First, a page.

/Couple sues north Mississippi hospital for alleged balance billing

Couple sues north Mississippi hospital for alleged balance billing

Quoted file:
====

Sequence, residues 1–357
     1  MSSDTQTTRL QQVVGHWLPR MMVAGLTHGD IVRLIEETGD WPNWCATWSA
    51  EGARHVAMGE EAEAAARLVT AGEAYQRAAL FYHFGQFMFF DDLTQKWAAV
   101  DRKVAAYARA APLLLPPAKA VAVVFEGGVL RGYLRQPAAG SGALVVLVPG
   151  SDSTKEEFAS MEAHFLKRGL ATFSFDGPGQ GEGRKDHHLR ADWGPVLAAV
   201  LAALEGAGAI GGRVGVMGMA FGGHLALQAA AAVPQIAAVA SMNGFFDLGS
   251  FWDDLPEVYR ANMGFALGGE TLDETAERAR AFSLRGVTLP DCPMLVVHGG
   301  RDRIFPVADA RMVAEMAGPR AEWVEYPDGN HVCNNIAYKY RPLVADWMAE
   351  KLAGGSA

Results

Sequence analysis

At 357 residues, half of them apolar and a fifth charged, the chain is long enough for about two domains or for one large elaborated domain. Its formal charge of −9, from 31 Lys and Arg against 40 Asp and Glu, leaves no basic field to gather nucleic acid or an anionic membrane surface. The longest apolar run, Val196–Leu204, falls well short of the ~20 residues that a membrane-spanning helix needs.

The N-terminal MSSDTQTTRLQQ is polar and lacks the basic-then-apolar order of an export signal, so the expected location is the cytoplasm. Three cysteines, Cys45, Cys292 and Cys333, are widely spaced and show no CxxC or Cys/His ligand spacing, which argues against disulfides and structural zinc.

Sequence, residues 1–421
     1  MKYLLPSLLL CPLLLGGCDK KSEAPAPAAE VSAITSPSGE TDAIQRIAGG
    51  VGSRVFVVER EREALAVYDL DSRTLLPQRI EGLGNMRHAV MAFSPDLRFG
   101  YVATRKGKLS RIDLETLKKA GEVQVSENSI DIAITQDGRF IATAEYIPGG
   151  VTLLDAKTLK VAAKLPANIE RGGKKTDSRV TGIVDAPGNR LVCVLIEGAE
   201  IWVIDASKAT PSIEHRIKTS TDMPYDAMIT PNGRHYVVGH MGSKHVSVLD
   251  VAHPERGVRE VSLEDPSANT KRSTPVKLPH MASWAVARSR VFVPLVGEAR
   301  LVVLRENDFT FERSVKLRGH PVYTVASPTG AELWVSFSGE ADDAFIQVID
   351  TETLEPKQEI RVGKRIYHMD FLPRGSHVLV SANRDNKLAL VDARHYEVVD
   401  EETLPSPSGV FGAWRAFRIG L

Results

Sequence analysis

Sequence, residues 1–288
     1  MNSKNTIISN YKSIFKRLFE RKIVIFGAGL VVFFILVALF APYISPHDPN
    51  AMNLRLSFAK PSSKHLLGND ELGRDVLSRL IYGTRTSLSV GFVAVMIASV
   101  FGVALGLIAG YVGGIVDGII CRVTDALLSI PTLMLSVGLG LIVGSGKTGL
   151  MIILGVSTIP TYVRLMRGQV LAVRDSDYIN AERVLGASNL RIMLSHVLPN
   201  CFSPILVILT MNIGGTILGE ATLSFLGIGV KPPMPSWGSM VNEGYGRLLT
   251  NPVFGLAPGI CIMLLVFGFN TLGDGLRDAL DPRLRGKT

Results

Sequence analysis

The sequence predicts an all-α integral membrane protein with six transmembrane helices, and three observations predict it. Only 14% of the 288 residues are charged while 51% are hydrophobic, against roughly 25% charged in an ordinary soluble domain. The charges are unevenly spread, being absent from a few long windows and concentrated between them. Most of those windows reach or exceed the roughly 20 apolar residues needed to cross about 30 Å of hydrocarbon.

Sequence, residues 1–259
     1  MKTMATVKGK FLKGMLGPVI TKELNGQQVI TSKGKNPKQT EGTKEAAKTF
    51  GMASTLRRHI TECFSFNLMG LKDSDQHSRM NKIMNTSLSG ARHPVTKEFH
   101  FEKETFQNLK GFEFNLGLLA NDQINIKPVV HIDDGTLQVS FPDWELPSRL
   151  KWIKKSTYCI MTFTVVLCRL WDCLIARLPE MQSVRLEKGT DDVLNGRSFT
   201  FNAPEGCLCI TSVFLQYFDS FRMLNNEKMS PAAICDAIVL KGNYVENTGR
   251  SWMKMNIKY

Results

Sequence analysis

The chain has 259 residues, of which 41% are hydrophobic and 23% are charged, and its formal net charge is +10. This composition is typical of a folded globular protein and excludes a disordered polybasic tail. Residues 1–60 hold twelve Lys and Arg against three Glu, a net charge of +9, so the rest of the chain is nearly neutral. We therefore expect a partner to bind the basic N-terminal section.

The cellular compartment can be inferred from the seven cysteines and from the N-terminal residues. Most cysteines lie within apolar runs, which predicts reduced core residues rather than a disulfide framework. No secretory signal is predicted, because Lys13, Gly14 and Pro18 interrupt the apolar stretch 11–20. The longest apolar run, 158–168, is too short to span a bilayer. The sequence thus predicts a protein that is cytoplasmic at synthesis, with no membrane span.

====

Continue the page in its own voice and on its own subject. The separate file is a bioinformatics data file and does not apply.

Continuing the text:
A state law from 2013 makes balance billing illegal. A 2013 state law makes it illegal to bill balance. If a hospital bills a patient $10,000, the hospital will pay $5,000 to the hospital. The hospital cannot then collect the $5,000 remaining. Although balance billing is against the law in Mississippi, it still occurs as many people are not aware of the state’s laws. According to the lawsuit, Chastity Woods required dozens of non-elective treatments in 2017, including blood transfusions and iron transfusions. These treatments were provided by North Mississippi Medical Center (NMMC), Tupelo, and other local clinics owned by North Mississippi Health Services, Inc. In 2018, Chastity received payment from Chastity’s insurer Health Cost Solutions. The providers then returned to the Woods to demand almost $50,000 in additional payments. The Woods, unaware of Mississippi’s ban against balance billing, accepted a tax time deal from debt collectors in March 2019, which would reduce their bills by 20%. The suit states that they then paid their bills by getting a home equity loan. Woods claim that the debt collector returned in October 2019 to demand $8,936.05 more, even though the Woods had already paid $42,000 to the hospital debt collector. Woods claim that debt collectors harassed them throughout their legal process, which culminated in them filing a lawsuit in February 2020. Mississippi Today spoke with Chastity but she declined to comment. Their attorney was not available for comment. Bruce J. Toppin is the chief legal officer of North Mississippi Health Services. He told Mississippi Today that the company doesn’t comment on any pending litigation. According to Roy Mitchell (executive director of the Mississippi Health Advocacy Program), balance billing is illegal in Mississippi. However, some hospitals have not updated their business models since then. “We (Mississippi), have the highest rate in medical debt in the nation.” Mitchell stated that we have done so for many years. The ban on balance billing has little teeth. Mike Chaney, Insurance Commissioner, and Lynn Fitch, Attorney General claim they don’t have the legal enforcement authority to sue hospitals for breaking the law. Patients like the Woods are left with no choice but to file expensive and lengthy lawsuits. In order to strengthen balance billing law in 2019, a legislative effort would have required that the attorney general’s Office enforce the law and create binding arbitration to settle any balance billing disputes between patients and providers. The bill was not passed by the committee, even though it was written by Gary Chism (then House Insurance Chairman), Chism stated to Mississippi Today that the bill was opposed by lawmakers who were also doctors. Chism stated that “they want to be in a position to get their money.” Attorneys for the hospital claim that Chastity’s insurance plan does not cover NMMC. This means that the hospital would have received a greater reimbursement if Stanley had used her insurance. The attorneys stated that the Woods chose to go cheap and ended up paying significantly more out-of-pocket expenses. Because Stanley’s state employee plan had a higher deductible, the Woods chose Chastity’s Health Cost Solutions plan. However, Mississippi’s antibalance billing does not distinguish between different types of networks. According to law, if the provider accepts payment form the insurer, “the payment shall constitute payment in full to that provider,” meaning that they can’t bill or collect any additional amount from the insured besides the deductible, coinsurance or copayment. The Woods lawyers argued that if providers felt that the reimbursement rates offered to Chastity’s insurance were too low, they could have declined to provide non-emergency treatment, or suggested that the Woods look for another payment method. According to the lawsuit, NMMC received at least 48 payments from Chastity’s insurer at 140% of what Medicare would have paid. The Woods seek a permanent injunction to stop NMMC from issuing or attempting balance bills.